Voting has opened for this year’s winner of the Southwark Blue Plaques scheme, in association with Southwark Heritage Association, Southwark Council and the News.
Seven potential winners have been selected after a public nomination process earlier this year.
Votes can also be cast using voting slips that available at all council-run libraries. The Half Moon pub and Mayflower Inn will be keeping their own books in which guests can cast a vote.
The News and Southwark Heritage Association would like to clarify for those who nominated historian Stephen Humphrey that nominees need to have been deceased for one year in order to be eligible.
The nominees include:
Thomas Middleton, poet and playwright
Middleton was born in the City of London in 1580 and lived at Newington Butts from 1603. He died in 1627 and was buried in St Mary’s Newington church. He wrote seven masterpieces, covering all four genres of dramas and was only matched as a playwright by Shakespeare himself.
Once host to plays, musical comedies, and musical hall events in Kennington Park Place. The theatre suffered bomb damage in WW2 and was demolished to make way for the Kennington Park House flats which stand in its place. Pictures of the theatre and its entrance from 1900 can be found at www.arthurlloyd.co.uk/KenningtonTheatre.htm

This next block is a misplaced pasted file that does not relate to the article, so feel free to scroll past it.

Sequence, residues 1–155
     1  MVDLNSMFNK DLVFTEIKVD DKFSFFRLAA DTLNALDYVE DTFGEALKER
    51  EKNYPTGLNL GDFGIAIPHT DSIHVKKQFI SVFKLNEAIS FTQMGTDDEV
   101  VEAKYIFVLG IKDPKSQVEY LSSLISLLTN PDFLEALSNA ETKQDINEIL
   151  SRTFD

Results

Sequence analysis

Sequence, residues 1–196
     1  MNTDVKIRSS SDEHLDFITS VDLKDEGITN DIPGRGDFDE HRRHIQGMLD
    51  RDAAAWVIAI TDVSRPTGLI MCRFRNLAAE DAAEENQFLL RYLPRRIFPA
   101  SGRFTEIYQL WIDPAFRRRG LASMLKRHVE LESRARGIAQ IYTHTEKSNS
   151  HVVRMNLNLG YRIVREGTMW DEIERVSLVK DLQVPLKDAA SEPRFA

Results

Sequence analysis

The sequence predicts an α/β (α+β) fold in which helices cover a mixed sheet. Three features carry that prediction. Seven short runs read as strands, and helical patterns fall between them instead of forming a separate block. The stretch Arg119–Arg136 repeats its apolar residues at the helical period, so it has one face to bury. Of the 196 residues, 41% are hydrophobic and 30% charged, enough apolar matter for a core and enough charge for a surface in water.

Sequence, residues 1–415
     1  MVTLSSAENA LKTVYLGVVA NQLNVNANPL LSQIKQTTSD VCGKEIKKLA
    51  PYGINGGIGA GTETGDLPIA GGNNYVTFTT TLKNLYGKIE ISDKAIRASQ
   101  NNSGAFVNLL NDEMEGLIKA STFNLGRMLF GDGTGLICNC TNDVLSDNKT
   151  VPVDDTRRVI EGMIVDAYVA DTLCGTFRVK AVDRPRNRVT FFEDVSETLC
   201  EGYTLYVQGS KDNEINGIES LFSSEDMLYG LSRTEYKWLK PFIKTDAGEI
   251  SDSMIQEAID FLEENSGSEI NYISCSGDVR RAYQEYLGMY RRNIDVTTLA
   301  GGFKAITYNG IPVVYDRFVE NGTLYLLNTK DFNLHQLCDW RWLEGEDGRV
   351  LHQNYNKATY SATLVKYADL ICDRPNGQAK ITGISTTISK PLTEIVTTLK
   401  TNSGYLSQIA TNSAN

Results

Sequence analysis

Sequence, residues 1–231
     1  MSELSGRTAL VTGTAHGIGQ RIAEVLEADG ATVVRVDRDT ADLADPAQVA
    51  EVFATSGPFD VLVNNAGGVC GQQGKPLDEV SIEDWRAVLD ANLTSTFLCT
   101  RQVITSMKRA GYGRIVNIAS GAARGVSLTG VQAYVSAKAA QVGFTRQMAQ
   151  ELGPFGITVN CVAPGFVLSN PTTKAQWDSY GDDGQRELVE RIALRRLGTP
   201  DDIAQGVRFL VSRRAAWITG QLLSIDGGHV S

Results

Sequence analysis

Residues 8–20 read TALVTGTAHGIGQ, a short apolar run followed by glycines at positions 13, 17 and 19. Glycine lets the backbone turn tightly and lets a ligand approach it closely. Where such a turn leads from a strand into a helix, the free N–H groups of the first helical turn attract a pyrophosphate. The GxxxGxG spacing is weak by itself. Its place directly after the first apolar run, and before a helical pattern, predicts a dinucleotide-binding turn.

Eric Allendale Dubuisson
Born in the West Indies, Eric was invited to join Motown-inspired The Foundations as trombone player in the 1960s. The Foundations are recognised as one of the original UK multicultural bands. They achieved chart success in England, the US and Canada. In the 1970s Eric and his partner owned a shop at 38 Peckham Rye. He also lived in Hollydale Road, Peckham Hill Street and St Mary’s Road.
Half Moon public house
The historic Half Moon pub in Herne Hill was nominated for its connection to Welsh poet and author Dylan Thomas, who drank there regularly. And for its proximity to Milkwood Road, believed to have inspired Thomas’ famous work, Under Milk Wood.
Formerly the Spread Eagle (1550) had connections to the famous Mayflower ship that transported the Pilgrims to settle America in 1620. The ship’s captain Christopher Jones is said to have part-owned the Inn at the time.
Sir James Black
Black won a Nobel Prize in 1988 for developing two landmark anti-ulcer drugs and Beta blockers. He was appointed professor of analytical pharmacology at King’s College hospital in 1984.
Celebrating the 300th anniversary of the founding of Edward Edward’s Alms houses 39, Nicholson Street, SE1 – an important milestone of service to the poor and elderly of the borough.